Those who saw the “pink” advertisement expressed a lower personal risk to contracting breast cancer than those who viewed the gender-neutral version. As with the results from our earlier studies, this was not what we expected. This caused us to wonder if there were behavioural consequences to asking the sample group about their perceived vulnerability to breast cancer straight after they had seen the advertisements.
To check for this we ran additional experiments. In one of these, when their essays had been completed, volunteers were told that as a reward for participation, a donation would be made on their behalf to a charitable cause. Several options including one gender-specific cause – ovarian cancer – were given.
Participants who had written essays about gender were about half as likely to donate to the gender specific cause than those who had written about something else. From this we were able to conclude that gender cues can also influence the likelihood of whether or not women will donate to gender-specific causes.
Two websites were the focus of attention in another study. One specifically had its content targeted at a female audience whilst the other was a general interest site. Three banner advertisements, one promoting make-up, promoting breast cancer awareness, and a gender-neutral advertisement, were prominent on both sites.
Volunteers, having read the stories on each site, were questioned on what they had seen. We asked whether they could recall the banner advertisements and specifically their subject matter. Those seeing the breast cancer advertisement on the gender-specific website were significantly less likely to recall it than those viewing it in the neutral environment. The results show that, in addition to advertising copy, managers of breast cancer awareness campaigns must carefully consider the media context of their advertisements.
From this research, we learn that the presence of what appear to be innocuous gender cues commonly used in breast cancer awareness campaigns, such as the colour pink, may have deleterious rather than positive effects. These gender cues can create in women feelings that they are less vulnerable to breast cancer. Gender cues also cause less attention to be paid to awareness campaigns and create a situation where the target audience is less inclined to donate money to breast cancer causes.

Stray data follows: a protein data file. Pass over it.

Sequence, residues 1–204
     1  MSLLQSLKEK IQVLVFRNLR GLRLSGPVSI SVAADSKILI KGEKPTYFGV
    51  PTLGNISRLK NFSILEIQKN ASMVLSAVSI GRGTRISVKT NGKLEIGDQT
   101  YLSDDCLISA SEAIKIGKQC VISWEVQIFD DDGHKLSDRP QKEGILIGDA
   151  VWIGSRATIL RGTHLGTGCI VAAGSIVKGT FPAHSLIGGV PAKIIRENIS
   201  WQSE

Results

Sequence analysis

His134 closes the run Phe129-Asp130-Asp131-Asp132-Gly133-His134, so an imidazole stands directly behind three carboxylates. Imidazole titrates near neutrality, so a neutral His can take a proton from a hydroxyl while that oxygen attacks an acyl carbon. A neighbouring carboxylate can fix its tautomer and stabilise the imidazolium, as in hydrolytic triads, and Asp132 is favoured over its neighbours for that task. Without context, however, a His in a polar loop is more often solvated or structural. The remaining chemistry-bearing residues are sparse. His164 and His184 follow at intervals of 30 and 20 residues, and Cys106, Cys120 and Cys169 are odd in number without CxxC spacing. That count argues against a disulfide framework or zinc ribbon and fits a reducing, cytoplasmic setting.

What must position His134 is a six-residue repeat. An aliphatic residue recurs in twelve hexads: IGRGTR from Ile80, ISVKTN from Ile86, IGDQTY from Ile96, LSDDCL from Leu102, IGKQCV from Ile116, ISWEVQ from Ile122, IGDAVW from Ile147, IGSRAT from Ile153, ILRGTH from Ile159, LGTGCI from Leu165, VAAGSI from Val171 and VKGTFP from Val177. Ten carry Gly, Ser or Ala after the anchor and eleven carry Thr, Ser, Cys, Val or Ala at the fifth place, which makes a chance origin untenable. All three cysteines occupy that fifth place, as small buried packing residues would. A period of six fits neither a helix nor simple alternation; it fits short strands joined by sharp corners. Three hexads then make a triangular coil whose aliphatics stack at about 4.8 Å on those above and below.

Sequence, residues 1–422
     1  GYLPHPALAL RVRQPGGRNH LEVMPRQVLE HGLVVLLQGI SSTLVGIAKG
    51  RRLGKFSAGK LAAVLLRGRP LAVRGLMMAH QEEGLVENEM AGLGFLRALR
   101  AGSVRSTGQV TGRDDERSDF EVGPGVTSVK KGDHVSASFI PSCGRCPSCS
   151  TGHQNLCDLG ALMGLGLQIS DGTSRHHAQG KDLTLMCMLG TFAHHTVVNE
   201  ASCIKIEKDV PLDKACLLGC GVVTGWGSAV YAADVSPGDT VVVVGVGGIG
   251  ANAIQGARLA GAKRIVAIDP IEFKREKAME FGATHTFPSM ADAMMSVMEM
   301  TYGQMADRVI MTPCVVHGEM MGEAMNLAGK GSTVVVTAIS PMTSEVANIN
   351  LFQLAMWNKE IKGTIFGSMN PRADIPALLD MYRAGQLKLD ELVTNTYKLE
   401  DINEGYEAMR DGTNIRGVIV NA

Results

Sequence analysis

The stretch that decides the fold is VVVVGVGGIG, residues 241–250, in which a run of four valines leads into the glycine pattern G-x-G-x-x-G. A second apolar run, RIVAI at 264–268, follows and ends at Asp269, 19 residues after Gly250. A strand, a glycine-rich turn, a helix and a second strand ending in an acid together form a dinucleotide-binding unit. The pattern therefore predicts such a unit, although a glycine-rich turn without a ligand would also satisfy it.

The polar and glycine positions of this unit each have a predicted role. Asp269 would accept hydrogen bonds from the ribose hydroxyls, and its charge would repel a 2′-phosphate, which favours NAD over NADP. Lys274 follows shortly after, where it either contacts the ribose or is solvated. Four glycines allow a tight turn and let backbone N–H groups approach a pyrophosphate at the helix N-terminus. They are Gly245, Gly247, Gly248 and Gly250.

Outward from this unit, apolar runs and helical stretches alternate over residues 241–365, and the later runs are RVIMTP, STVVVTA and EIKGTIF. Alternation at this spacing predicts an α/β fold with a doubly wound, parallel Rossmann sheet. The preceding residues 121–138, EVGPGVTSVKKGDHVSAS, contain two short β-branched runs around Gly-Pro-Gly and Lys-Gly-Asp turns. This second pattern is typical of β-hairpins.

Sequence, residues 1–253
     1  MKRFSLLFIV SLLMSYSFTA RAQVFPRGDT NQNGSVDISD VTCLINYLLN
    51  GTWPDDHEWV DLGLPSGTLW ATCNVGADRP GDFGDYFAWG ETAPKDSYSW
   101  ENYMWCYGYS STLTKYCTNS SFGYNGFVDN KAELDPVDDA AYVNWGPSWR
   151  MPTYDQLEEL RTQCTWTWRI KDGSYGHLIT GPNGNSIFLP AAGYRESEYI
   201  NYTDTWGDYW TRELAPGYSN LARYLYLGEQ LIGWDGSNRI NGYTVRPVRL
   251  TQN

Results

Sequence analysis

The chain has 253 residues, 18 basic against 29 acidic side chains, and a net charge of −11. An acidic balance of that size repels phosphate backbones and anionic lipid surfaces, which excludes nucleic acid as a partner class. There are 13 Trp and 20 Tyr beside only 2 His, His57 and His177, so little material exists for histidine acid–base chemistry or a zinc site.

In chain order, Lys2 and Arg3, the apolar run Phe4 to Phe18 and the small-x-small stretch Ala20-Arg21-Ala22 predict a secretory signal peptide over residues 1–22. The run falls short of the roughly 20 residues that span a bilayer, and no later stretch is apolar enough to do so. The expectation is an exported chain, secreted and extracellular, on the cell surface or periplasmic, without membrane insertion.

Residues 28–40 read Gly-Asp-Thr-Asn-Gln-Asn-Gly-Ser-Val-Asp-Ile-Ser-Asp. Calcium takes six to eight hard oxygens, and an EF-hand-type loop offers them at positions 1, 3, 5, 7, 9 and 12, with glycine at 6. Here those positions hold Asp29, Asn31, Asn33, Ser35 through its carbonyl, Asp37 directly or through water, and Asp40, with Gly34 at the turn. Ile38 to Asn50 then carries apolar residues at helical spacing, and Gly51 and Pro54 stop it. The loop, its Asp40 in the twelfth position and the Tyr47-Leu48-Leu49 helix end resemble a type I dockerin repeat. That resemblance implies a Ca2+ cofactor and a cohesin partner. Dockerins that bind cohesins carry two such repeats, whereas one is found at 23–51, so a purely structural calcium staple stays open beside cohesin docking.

Breast cancer is a disease that women are understandably terrified of contracting. In one study, we asked participants how afraid they were of the disease and almost without exception the level of fear indicated registered at the end-point of our scale.
The unexpected reactions in our studies stem from the fact that the gender cues used in breast cancer campaigns trigger defensive responses in women. Psychologists know that when dealing with information perceived as threatening, we sometimes cope through a process of denial. Another common response is to not acknowledge the threat or to try to rationalise it away.
The gender cues used in breast cancer awareness campaigns remind women that they should be alert to what is a dangerously real and very frightening threat, one from which they could die. Hence, this is why we see evidence that such campaigns can trigger women’s natural defence mechanisms.
So how can healthcare marketers develop more effective awareness campaigns? In some of our studies, we changed certain conditions in order to disable the defensive mechanisms of our volunteers. One way to achieve this is by allowing women to acknowledge their fear of the disease before asking how vulnerable to it they felt. Another method is to precede exposure to messages with cues that increase a woman’s sense of self-worth.
Breast cancer messages designed to make a woman feel good about herself at the outset are less likely to trigger natural defence mechanisms. This is effective because we use self-esteem as a resource when coping with threats.
For those with responsibility for developing and promoting breast cancer awareness campaigns, understanding how the defence mechanisms work, learning how to avoid triggering them - or disabling them instead – will provide invaluable insights into how such campaigns can be made more effective.
Science Communication and Media Officer
Corporate Communications & PR Manager